By Ginger Mauney
In the Namib Desert, a place of dramatic environmental extremes, finding a balance is never easy. In the stretch of coastline that runs between the Ugab River in the north and the southern end of the Sandwich Harbour mudflats, the search for balance is even more difficult.
Here the often-conflicting demands of miners, fishermen, holidaymakers and conservationists have a history of uneasy coexistence, and this is what makes the proposed Central Coastal Area of the Namib-Skeleton Coast National Park so extraordinary.
In proclaiming this area as part of Namibia’s newest national park, the Ministry of Environment and Tourism and the Ministry of Fisheries and Marine Resources, along with residents, business owners and other stakeholders, have put hope over negativity and self-interest.
It is an inspired move, and one that provides the connective tissue linking the northern Namib to the southern expanse of desert. It is essential to the vision of a protected area that runs from the Kunene to the Orange River, and it will succeed only through dialogue, zoning, compromise and a collective sense that the whole is greater than the sum of its parts.
Skirting the municipalities of Henties Bay, Swakopmund and Walvis Bay, plus several other areas of development along the beach and the Swakop River, the proposed Central Coast Area of the Namib-Skeleton Coast National Park recognises the needs of all its stakeholders through the development of zones with respective activities and applications that work within the overall context of the Central Area.
Despite covering a relatively small area within the Namib-Skeleton Coast National Park, the Central Area is home to several important conservation areas. These areas of high sensitivity and high conservation status include two Ramsar sites, internationally recognised as the most important sites for wetland birds on the Southern African coast, namely the Walvis Bay lagoon, including Pelican Point, and Sandwich Harbour; the endemic Damara tern breeding grounds where nearly 70% of the world’s population of this near-threatened bird breeds; and lichen fields including the Lagunenberg mountains just south of Cape Cross; and the mouth of the Swakop River.
While the entire Central Area, excluding demarcated municipal areas, will be managed for conservation and controlled tourism, the parameters vary greatly according to land-use zones within the protected national park. These are aligned with recognised IUCN categories and, along with strict nature reserves, include habitat/ species management areas, protected landscapes/seascapes and managed resource-protected areas.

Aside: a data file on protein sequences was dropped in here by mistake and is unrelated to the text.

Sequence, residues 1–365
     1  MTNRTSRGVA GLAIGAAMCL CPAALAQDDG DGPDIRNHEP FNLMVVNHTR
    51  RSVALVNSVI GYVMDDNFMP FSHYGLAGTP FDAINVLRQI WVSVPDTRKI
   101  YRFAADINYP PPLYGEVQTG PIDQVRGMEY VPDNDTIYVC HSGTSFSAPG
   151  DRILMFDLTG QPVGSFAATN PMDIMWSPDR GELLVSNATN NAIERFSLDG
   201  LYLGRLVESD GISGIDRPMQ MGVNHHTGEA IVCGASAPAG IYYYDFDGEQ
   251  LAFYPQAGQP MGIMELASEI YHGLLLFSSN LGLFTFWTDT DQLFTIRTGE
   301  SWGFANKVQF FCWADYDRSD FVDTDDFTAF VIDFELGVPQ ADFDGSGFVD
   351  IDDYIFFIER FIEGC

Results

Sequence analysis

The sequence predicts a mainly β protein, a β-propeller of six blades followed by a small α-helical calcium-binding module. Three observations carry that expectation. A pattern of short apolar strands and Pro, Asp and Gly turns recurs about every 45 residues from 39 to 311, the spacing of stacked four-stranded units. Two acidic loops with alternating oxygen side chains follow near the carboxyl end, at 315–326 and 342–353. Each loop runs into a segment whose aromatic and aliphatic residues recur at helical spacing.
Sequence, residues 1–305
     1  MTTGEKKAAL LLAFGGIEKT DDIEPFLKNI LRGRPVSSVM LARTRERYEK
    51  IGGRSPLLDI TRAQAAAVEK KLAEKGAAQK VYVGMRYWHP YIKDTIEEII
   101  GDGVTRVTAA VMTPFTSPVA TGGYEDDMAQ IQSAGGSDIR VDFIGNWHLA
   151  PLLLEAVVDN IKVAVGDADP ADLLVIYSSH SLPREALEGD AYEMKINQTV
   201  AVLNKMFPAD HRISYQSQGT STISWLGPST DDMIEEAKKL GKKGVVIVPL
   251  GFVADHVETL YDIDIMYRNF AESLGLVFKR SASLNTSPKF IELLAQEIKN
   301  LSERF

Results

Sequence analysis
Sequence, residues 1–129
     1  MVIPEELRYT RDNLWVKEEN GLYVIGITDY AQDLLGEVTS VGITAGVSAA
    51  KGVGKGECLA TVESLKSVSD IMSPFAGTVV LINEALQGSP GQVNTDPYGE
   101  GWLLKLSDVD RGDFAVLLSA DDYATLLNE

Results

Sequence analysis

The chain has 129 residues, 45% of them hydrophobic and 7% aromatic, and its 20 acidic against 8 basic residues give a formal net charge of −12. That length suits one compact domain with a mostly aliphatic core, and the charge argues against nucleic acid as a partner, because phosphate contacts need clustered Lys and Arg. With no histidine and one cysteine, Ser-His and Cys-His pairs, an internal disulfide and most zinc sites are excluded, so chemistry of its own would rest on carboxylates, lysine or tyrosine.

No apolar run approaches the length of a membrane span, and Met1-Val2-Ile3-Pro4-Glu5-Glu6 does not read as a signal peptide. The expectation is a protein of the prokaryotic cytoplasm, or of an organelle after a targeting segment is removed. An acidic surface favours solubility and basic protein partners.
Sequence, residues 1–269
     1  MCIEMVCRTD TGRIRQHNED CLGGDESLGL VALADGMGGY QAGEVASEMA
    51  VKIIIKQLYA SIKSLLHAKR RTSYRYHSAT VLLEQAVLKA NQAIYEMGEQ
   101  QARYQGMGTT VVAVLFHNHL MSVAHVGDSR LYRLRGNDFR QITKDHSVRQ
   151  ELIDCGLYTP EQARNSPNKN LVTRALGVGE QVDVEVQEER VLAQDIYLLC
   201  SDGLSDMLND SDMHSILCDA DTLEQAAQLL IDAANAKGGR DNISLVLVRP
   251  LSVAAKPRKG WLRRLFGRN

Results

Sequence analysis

Protected conservation areas that are designed to deliver benefits to Namibians within the scope of sustainable practices include the salt works at the head of the Walvis Bay lagoon, proclaimed as a private nature reserve and an integral part of the Ramsar site, and the salt works at Mile 4. Cape Cross, home to the world’s largest breeding colonies of Cape fur seals, and the Messum Crater area, which is important in terms of archaeological sites, geological formations and botanical biodiversity, are also protected management areas.
Recognising that the Central Area is also a vital place for industry and recreation, there are protected landscapes and seascapes that have been designated for much more open access and less strict regulation.
In terms of recreation, the Central Area of the national park is integral to the ‘people and park’ landscape. There are areas in the southern and northern part of the park that are zoned so that residents and visitors can have easy access for beach and desert recreation, including quad-biking, 4×4 trails, canoeing, windsurfing and fishing. Enhancing and expanding eco-tourism opportunities will also be part of the mandate for the Central Area of this national park. Along with development and enjoyment, an emphasis on responsible recreation in a fragile environment will be stressed.
With a resurgence in the uranium market, uranium mining and the opening of more and different types of mines in the Central Area are a fact of life, yet the long-term national benefits from the use of the land for mining must clearly outweigh benefits from other appropriate forms of land use, such as recreation and sustainable tourism. In principle, areas of key biodiversity will be off-limits to prospecting and mining activities. In all other areas, prospecting and mining operations must be well planned, managed and, once mining operations are completed, removed from the landscape using the best available practices.
In terms of conservation, the Central Area of the Namib-Skeleton Coast National Park is an environmental gem. It extends three kilometres into the sea, encompasses a spectacular coastal dune belt, vast gravel plains, Namibia’s richest coastal area for birds, a world-famous breeding ground for seals, rich botanical diversity, three major ephemeral river systems and their river mouths and deltas.
Designed around towns, but inclusive of mining, recreational activities and the prospects of additional ecotourism development, the inclusion of the Central Area in a national park is ambitious, even audacious. The road to proclamation has been long and arduous. The future of the park may be fraught with difficulties and compromises, making it a park to believe in. The Ministry of Environment and Tourism, the coastal Regional Councils and the Ministry of Fisheries and Marine Resources should be congratulated for being so bold and forward thinking. With the Central Area of the Namib-Skeleton Coast National Park, they are creating sections within an enormous park that all Namibians can be proud of.
This article appeared in the 2009/10 edition of Conservation and the Environment in Namibia.
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